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Navigating Legal Evolution: A Comprehensive Guide to Developing Law in Kuwait

Kuwait, with its rich history and vibrant culture, is at a pivotal juncture where tradition converges with modernity. As the nation progresses, its legal framework must also evolve to align with the demands of a dynamic society.

Developing law in Kuwait is a multifaceted endeavour that blends tradition with innovation and harmonises local values with global standards. This article delves into the process of legal development in Kuwait and provide insights into navigating this complex landscape.

Understanding Kuwait's Legal System

Before exploring legal development, it's essential to grasp the foundations of Kuwait’s legal system. Kuwait follows a civil law system heavily influenced by Islamic law (Sharia).

The Constitution of Kuwait serves as the supreme law, defining the framework of governance and fundamental rights. Kuwait has a dual court system comprising civil courts and Sharia courts, each with jurisdiction over specific matters.

Factors Driving Legal Evolution

Several factors contribute to the evolution of law in Kuwait. The society is diverse, with a blend of traditional values and modern aspirations.

Social changes such as urbanisation, globalisation, and demographic shifts influence legal needs and expectations.

Economic growth, driven by oil reserves and diversification efforts, necessitates legal frameworks to regulate commerce, investment, and employment. As a member of the United Nations and signatory to various international treaties, Kuwait is committed to aligning its legal framework with international standards.

Addressing Contemporary Challenges

The digital revolution has transformed governance and law. Developing laws to address cybercrime, data protection, and e-commerce is imperative in the digital age.

Developing law in Kuwait requires a systematic approach that balances legal tradition with contemporary needs. It begins with thorough research and consultation with experts, stakeholders, and the public to understand societal needs and concerns.

Drafting new laws or amending existing ones involves careful consideration of constitutional principles, international norms, and societal expectations to ensure clarity, coherence, and enforceability.

Role of the National Assembly

Kuwait’s National Assembly plays a pivotal role in the legislative process. Proposed laws undergo review and debate, allowing elected representatives to scrutinize and refine legal provisions.

Engaging the public enhances transparency and legitimacy through consultations, hearings and feedback mechanisms.

Investing in Legal Education and Capacity Building

Developing a robust legal framework requires investing in legal education and capacity building. Training programmes for lawmakers, judges, lawyers and legal professionals ensure a competent workforce capable of interpreting and applying the law effectively.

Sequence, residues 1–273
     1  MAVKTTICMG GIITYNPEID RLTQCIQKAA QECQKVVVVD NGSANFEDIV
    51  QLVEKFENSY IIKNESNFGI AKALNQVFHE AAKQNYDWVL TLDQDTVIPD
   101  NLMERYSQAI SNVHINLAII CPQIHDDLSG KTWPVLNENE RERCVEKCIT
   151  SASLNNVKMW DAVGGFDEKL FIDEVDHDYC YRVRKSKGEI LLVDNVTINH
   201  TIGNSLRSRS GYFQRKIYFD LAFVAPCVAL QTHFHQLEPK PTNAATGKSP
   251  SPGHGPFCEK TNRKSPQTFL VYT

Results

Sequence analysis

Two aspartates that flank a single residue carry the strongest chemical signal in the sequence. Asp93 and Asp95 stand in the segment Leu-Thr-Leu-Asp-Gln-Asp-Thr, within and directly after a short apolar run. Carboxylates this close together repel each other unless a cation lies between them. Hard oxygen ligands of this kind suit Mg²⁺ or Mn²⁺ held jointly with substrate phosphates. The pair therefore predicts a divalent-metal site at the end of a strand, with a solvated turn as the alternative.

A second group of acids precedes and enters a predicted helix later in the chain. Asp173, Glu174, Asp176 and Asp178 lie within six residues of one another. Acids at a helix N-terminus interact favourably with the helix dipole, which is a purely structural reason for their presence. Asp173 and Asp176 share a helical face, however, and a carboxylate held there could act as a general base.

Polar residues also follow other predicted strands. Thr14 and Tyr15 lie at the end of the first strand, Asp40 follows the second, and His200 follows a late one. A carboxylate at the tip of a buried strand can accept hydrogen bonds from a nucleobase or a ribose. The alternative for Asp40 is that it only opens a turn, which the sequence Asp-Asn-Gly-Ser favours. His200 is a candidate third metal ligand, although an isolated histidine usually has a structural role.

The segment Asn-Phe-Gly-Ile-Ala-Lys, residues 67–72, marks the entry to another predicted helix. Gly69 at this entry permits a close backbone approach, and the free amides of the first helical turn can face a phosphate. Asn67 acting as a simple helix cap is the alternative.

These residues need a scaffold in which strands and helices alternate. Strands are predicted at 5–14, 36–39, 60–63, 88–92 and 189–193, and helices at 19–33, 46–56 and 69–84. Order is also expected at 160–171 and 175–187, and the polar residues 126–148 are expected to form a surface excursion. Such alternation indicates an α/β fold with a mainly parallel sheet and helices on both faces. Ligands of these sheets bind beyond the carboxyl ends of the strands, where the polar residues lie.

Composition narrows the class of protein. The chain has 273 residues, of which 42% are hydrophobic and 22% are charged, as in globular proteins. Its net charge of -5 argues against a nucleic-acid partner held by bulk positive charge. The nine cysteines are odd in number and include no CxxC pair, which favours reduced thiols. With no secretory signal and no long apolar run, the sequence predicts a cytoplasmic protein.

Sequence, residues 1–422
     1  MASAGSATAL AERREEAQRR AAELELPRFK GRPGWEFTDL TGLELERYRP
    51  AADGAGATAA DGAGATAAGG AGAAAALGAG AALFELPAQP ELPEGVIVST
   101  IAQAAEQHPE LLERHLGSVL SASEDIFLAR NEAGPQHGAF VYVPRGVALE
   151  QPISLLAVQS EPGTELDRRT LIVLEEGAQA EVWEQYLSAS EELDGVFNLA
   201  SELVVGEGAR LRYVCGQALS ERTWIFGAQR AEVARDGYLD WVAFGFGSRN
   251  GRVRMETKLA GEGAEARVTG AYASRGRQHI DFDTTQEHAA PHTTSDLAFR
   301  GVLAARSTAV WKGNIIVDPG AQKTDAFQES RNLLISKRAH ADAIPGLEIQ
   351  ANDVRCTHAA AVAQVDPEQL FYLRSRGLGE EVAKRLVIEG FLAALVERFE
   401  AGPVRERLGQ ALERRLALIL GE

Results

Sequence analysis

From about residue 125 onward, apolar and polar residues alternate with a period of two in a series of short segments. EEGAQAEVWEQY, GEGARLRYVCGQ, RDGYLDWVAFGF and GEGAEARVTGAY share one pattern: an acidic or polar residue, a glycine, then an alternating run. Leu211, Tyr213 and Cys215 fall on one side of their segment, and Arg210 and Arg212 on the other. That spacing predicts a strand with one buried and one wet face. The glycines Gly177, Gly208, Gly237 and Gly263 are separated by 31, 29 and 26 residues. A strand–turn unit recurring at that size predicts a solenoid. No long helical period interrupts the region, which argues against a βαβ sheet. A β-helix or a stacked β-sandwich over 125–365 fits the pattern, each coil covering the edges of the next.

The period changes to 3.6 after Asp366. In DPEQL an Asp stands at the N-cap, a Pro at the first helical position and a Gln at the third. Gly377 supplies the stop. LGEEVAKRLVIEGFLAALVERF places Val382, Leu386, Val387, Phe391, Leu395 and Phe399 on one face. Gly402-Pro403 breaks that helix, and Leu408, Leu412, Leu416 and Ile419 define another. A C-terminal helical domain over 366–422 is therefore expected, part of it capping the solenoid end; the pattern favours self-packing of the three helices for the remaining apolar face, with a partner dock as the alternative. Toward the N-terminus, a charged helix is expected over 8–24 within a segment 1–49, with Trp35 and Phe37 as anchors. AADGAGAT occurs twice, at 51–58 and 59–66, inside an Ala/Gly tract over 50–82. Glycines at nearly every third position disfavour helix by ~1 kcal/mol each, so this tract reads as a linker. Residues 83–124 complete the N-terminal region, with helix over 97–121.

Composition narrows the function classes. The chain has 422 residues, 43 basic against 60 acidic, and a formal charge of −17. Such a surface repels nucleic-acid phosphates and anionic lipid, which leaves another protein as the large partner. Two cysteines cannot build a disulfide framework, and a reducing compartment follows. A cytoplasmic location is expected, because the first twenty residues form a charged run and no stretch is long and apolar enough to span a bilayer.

Challenges and Opportunities

Despite progress, Kuwait faces challenges like bureaucratic inefficiencies and judicial backlog, presenting opportunities for innovation, collaboration, and reform.

Embracing change, fostering dialogue, and upholding the rule of law are essential for navigating legal development while safeguarding Kuwait’s values and aspirations.

By adopting a strategic approach and collective effort, Kuwait can continue to evolve its legal framework to meet the evolving needs of its people and the demands of the modern world.

(The writer is a law associate at NYK Law Firm, one of the top legal consultants in Dubai)

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Saudi Arabia Introduces Health-based Marriage Regulations to Combat Genetic Diseases

Saudi Arabia has introduced new health-based marriage regulations aimed at preventing genetic diseases and promoting the well-being of future generations.

The amendments to Resolution 156 govern marriages involving Saudi nationals and non-Saudi individuals, prohibiting unions deemed "medically incompatible" under the guidelines of the "Healthy Marriage Programme."

The updated regulations specify that marriages can proceed if it is medically established, according to Ministry of Health protocols, that one partner is incapable of reproduction. Additionally, the Ministry of Health, under Cabinet decision No. 110, will identify the list of diseases subject to screening in the Healthy Marriage Programme for the public interest.

These changes are a significant advancement in preventing genetic disorders, ensuring treatment for affected individuals, and addressing related health concerns. The initiative is critical for fostering families free from prevalent hereditary blood disorders and serious infectious diseases in the Kingdom, while also promoting health awareness among prospective couples.